Don had his box call in his pocket and, with his movement, it struck a note. One of the hens responded, and they all started moving toward the decoy. The Tom must have been PO’d with his hens moving toward the decoy and actually gobbled for the first time! The whole flock was headed our way and I still couldn’t see a thing except for the mosquitos that were eating me alive. Don whispered, “Ready?”
Still unable to see the turkeys, I took the barrel of the shotgun and pushed the frond in front of me down ever so slightly so I could get a good view. The birds were right there (22 yards as it turns out)! At my slight motion, the gobbler thrust his head up and looked directly at me as if to say, “What the…?” The hens ducked, I shot, and the old gobbler started flopping on the ground. And then, quiet…well, quiet except for Don laughing his head off and both of us excitedly congratulating each other.– John McLaurin
Remington Arms Company announces the launch of 1816, a curated collection of field-inspired apparel and accessories for the modern sporting generation. Featuring exquisitely crafted materials and an unparalleled attention to detail, the 1816 line is inspired by the nearly 200 years of Remington hand-forged tradition as highlighted in the brand’s tagline, First in the Field.
Drawing from its Remington roots, the 1816 brand embraces the sportsman’s passion for the outdoors with refined sensibility. “The 1816 brand celebrates the Remington lifestyle with clothing and accessories designed for the field and beyond,” said Ross Saldarini, senior vice president for accessories and lifestyle. “We’ve combined the very best of Remington’s rich heritage with the modern tastes of today’s sporting generation. It’s a unique blend of history and quality that stands alone in today’s marketplace.”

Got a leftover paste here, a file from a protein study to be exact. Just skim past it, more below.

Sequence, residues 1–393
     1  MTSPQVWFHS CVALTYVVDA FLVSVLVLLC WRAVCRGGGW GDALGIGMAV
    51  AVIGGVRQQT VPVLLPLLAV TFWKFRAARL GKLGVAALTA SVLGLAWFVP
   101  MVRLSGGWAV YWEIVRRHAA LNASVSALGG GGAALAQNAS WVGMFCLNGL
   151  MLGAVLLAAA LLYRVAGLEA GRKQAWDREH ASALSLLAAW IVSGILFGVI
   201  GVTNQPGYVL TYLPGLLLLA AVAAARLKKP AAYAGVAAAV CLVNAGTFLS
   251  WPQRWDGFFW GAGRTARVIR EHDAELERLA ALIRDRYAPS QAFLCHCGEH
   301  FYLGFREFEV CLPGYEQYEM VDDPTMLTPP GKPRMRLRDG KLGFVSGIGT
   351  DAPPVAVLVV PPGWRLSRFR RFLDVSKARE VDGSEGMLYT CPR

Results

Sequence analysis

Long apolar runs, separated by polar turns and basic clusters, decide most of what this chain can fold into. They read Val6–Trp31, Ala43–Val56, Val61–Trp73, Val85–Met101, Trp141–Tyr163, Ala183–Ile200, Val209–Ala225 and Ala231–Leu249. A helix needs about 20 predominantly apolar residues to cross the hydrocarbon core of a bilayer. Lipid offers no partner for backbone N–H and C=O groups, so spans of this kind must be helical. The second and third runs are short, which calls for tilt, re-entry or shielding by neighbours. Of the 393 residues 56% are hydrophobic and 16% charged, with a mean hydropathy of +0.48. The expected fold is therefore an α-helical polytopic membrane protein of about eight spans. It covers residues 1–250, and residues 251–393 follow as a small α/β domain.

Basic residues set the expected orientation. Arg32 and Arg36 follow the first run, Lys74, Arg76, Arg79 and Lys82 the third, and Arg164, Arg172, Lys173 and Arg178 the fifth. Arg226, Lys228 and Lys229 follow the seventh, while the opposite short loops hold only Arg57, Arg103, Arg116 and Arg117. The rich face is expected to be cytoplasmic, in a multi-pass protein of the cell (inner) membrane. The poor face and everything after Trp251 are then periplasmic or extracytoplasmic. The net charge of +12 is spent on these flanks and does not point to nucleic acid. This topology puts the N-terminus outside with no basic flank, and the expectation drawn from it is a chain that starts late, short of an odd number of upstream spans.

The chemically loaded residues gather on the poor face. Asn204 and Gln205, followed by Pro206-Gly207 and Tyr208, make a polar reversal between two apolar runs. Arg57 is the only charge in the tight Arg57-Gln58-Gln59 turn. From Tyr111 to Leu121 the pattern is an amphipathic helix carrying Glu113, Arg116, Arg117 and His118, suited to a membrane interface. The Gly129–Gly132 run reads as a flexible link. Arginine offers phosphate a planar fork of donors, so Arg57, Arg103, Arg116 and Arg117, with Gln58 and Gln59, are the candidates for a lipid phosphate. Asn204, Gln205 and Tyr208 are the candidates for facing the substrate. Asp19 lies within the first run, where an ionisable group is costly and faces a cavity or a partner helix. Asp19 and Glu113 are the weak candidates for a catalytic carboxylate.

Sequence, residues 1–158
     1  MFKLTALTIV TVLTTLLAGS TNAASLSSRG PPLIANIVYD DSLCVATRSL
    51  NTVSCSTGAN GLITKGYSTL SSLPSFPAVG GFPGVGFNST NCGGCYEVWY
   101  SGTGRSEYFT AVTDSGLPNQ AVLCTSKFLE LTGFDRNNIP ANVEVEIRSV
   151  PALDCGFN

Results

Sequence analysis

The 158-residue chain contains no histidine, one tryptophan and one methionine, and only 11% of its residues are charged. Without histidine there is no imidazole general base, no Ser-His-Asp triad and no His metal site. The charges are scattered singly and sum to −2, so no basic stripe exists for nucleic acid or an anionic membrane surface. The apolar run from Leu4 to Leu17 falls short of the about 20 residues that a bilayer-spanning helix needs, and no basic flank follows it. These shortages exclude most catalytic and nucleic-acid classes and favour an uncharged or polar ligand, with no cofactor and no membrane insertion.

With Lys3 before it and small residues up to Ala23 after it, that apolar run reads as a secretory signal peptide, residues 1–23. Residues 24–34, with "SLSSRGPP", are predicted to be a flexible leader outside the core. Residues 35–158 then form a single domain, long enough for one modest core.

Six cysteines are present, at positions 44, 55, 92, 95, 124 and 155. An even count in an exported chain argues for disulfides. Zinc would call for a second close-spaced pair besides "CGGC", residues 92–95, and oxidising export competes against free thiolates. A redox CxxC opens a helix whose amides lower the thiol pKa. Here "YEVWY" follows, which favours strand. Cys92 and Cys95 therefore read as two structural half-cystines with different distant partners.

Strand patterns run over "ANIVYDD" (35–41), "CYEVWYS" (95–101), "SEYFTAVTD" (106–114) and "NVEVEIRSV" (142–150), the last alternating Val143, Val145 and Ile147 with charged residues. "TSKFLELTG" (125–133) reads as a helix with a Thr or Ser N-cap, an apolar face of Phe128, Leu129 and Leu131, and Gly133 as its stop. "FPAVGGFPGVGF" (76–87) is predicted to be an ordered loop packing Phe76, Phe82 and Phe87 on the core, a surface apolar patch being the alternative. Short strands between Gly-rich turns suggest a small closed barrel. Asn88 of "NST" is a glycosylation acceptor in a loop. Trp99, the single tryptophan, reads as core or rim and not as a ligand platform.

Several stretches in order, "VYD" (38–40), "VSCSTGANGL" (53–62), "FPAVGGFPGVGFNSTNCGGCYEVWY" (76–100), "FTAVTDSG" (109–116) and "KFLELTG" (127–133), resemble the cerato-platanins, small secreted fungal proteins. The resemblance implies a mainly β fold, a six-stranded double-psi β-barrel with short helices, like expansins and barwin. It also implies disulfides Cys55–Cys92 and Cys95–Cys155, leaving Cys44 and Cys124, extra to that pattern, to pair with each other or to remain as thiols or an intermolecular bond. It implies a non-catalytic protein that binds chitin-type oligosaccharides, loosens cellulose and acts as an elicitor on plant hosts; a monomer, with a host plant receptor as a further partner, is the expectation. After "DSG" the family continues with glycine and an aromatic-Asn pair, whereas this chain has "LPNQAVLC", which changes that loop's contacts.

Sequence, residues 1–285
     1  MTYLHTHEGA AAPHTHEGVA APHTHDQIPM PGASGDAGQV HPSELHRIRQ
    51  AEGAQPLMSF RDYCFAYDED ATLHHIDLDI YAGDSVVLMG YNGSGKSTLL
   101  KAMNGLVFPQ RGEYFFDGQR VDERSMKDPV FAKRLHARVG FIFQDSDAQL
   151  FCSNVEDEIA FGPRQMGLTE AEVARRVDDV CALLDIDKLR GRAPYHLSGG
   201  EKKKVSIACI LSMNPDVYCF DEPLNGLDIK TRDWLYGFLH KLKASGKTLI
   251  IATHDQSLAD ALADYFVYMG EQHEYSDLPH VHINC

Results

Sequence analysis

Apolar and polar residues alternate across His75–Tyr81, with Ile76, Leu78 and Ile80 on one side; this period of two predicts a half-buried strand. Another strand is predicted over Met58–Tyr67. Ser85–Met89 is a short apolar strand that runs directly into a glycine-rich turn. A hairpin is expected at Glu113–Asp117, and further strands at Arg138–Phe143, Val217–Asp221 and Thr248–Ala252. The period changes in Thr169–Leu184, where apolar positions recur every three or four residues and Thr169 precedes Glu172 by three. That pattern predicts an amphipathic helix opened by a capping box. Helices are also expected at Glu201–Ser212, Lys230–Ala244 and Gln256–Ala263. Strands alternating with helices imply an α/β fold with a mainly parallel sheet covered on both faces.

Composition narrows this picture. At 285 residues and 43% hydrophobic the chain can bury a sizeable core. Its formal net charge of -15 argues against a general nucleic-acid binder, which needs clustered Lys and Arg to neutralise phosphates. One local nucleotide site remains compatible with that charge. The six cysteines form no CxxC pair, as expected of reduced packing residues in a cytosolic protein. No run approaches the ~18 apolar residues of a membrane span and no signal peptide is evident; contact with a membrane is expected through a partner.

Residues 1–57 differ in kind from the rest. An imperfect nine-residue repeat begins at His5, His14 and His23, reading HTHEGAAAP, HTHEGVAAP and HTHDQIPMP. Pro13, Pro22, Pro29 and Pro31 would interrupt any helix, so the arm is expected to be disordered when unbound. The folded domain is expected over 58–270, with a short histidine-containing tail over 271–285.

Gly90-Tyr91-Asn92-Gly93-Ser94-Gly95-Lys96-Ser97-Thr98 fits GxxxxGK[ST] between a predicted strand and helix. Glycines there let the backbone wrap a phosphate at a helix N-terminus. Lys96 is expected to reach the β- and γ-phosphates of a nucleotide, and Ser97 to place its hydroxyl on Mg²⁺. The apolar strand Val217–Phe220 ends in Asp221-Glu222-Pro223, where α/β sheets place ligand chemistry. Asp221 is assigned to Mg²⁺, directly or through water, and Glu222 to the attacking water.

The 1816 brand debuts with a preview collection available on www.remington1816.com. The full line of apparel and accessories will launch in September of this year. The collection will exclusively be sold online and via direct-to-consumer catalog.
“For generations, Remington has represented a sporting legacy passed down from father to son to grandson. Now we’re building on that rich history with the 1816 apparel brand,” said Saldarini. “The 1816 line is built around signature pieces that, like so many classic Remington products, will endure the test of time and be a part of family traditions for generations to come.”
A centerpiece within the 1816 preview collection is the 1816 Ilion Jacket named after the birthplace of Remington, Ilion, N.Y. Crafted of pure British Millerain waxed cotton canvas, its hued patina features a unique texture that provides resistance to the elements. Made in the USA takes on a rugged, modern look in the 1816 Denim Shirt. With micro-suede and chambray trims, it’s made right at home in El Paso, Texas.
Sportsmen will appreciate the 1816 Sporting Clays Vest with its attention to detail from the brushed mesh lining and microsuede-quilted shooting patch to the double front pockets, leather pull and custom rivets. Not to be outshone is the 1816 Quarter Zip Outfitter Sweater with three weather-resistant layers to protect against the cold, wind and rain. Plus, this beautifully designed wool sweater is just as comfortable going out to dinner as it is in the field.